But as the latest uptick in geopolitical tensions suggests, these changes in the means of warfare and political and social resistance did not put an end to great power dominance and rivalry. Sadly, it was Orwell’s other prediction—of more accessible means of warfare risking a descent into “barbarism”—that appears closer to the reality. In too many places, decentralized or demonopolized violence and resistance left in their wake extreme fragmentation, social polarization and perma-conflict. The number of protracted crises generated over the past two decades, most of which cannot be resolved absent multilateral cooperation, make it all the more imperative that the new Cold War tensions do not escalate into the sort of proxy contests and frozen peacemaking that characterized the last one.

Given this, what do the tools and weapons that are most prominent in the current geopolitical standoff suggest about the shape of the coming conflict? The threat posed by nuclear weapons is not absent of course. The U.S., Russia and China still maintain healthy nuclear arsenals and delivery systems that are even more advanced than at the end of the Cold War. But so far, nuclear weapons have not been the competition-defining hardware that they were in Orwell’s time. They’ve barely even figured in the Russia-Ukraine crisis, for instance, only making an appearance when Russia test-launched three ballistic and cruise missiles Saturday, which spurred news headlines but did little to alter the overall dynamics of the conflict.

Instead, the standoff in Ukraine has materialized in the form of Russian tanks on the border ; an unconventional shadow force of Russian mercenaries and Ukrainian separatists, now joined by uniformed Russian forces, contesting Ukraine’s territorial integrity; and a disinformation campaign promoting narratives of ethnic cleansing as a possible pretext to war. On the opposite side, NATO forces scrambled cybersecurity experts, readied an arsenal of economic sanctions and projected their own counter-disinformation campaign.

The U.S.-China rivalry has followed a different trajectory, but has also been as much about nonkinetic threats and positioning as about military force. So far it has been waged through tech sanctions, punitive tariffs, competing trade deals and infrastructure initiatives, and investments in soft power projection or denial.


What these early skirmishes suggest is that this new Cold War will be a hybrid one, with as much of a focus on nonkinetic weapons and tactics as on all-powerful military force. The main super-power or weapon for the U.S. and China is their domination of key nodes in the global political and economic system, which gives them agenda-setting and gatekeeping powers, as well as the ability to weaponize global interdependence. Today, this positioning is more significant than their nuclear arsenals in terms of allowing them to demarcate spheres of influence and shape global power dynamics.

Russia has less power to wield in this regard. But the way it has leveraged its U.N. veto, its ability to project expeditionary force and the Soviet Union’s military-industrial legacy allows it to compete for influence and resources, and to block others from doing so, on a global scale. Russia doesn’t have a monopoly on the military tactics it relies on—from deployment of “little green men” and the use of disinformation and cyberattacks, to cultivating proxy allies in Western zones of interest—but Moscow can deploy them across many arenas simultaneously in ways that few others can. In the past year alone, Russia has used these tactics to either garner influence and capital or roil Western interests in the Sahel, Libya, Syria, Sudan, the Balkans and, of course, Ukraine. If not a superpower, Moscow is certainly a super-spoiler extraordinaire.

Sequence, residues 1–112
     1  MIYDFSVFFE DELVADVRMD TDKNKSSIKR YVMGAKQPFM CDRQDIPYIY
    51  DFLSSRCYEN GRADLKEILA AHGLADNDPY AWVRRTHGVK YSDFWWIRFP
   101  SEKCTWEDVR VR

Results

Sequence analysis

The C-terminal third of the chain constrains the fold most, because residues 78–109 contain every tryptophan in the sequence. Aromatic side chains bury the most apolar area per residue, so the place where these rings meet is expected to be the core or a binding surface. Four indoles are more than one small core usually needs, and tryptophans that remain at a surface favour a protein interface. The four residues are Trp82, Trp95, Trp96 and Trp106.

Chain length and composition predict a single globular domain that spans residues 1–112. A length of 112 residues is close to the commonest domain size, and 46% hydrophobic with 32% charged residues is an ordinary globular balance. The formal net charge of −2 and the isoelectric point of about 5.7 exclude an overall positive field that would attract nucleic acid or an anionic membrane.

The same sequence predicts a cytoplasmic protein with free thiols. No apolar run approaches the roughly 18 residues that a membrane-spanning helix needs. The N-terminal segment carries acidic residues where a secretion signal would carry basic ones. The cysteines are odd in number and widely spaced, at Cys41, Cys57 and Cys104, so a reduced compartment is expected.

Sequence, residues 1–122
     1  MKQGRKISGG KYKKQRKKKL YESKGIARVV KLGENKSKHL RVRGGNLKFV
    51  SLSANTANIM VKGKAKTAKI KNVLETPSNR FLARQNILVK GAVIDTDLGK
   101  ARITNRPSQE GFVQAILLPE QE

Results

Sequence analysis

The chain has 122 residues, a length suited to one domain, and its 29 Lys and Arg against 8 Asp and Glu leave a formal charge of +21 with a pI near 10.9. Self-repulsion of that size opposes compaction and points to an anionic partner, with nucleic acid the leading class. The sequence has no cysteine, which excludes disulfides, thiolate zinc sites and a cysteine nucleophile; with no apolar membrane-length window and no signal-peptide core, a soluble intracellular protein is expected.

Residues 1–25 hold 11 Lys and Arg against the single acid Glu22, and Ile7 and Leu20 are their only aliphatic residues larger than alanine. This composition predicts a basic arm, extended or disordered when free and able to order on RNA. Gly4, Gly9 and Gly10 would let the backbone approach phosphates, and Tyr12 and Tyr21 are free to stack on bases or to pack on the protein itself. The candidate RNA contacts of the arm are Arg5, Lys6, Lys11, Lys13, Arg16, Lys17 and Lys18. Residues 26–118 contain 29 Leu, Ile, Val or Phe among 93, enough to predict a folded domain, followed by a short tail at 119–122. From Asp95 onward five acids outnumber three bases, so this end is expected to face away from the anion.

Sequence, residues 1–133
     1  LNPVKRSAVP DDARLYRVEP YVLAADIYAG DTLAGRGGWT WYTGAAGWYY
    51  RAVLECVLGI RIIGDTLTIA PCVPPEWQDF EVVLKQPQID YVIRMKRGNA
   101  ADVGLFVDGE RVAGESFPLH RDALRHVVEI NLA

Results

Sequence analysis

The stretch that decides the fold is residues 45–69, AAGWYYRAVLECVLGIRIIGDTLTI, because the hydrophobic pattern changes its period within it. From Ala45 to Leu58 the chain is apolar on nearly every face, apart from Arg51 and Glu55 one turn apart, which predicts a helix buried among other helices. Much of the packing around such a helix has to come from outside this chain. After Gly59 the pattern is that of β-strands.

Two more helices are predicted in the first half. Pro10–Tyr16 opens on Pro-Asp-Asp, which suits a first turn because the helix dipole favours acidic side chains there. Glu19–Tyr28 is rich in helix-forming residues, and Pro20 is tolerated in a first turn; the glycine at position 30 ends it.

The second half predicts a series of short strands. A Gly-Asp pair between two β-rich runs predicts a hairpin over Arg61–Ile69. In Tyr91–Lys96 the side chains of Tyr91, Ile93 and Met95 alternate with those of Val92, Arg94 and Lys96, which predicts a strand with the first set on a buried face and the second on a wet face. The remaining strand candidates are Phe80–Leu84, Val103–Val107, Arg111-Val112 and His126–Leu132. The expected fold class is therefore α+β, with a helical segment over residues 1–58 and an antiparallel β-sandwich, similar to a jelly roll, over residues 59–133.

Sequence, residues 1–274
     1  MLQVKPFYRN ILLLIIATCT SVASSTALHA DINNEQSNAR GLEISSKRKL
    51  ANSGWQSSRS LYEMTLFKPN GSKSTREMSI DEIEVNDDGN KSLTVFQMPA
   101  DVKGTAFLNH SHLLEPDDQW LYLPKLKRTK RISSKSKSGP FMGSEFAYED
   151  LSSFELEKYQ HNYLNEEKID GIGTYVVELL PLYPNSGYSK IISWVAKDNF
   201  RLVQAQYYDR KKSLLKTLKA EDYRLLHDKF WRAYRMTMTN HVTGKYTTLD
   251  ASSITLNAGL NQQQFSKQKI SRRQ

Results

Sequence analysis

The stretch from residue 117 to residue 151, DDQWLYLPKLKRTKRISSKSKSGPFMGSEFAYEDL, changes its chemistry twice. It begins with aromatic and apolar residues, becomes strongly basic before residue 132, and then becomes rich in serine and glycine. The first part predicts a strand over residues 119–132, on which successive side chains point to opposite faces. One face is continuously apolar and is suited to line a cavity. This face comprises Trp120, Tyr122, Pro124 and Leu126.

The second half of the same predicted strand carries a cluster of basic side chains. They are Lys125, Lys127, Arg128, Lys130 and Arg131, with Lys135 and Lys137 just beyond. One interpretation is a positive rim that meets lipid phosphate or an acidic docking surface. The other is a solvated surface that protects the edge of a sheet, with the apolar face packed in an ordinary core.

Taken as a whole, the type of weapons and tactics that the U.S., China and Russia are deploying represent an aggregation of political power, economic capital and military might that few other nations can compete with. But they are neither as unassailable nor as exclusive as Orwell imagined nuclear weapons would be. This may make both détente and deterrence more difficult to achieve. The threat of mutually harmful sanctions does not have the same impact as mutually assured destruction. And the sort of signaling that is necessary for deterrence to be credible and effective is more difficult in the context of proxy, cyber or hybrid warfare, where the actors, timing and even attacks themselves are harder to read. This may make it more difficult for threats to be contained or ratcheted down, and the hybrid nature of this conflict—with its focus on economic, political and social competition over military force—makes it more likely that civilians and other neutral actors will be swept up in it.

On the flip side, though, precisely because these new hybrid levers of power are contestable, relatively common and possessed by actors beyond the states in question, there may be more avenues to break them down. Unlike in 1945, we live a world where private corporations, errant insurgent groups, minor regional players, popular protest movements and even individual hackers have the ability to frustrate the ambitions of global superpowers. Although existing forums like the U.N. Security Council may be ineffective platforms for crisis resolution for the foreseeable future, there may be emerging avenues for states and citizens alike to reach across borders, defuse tensions and get out of the cycle of zero-sum competition that proved to be the last Cold War’s real barrier to peace.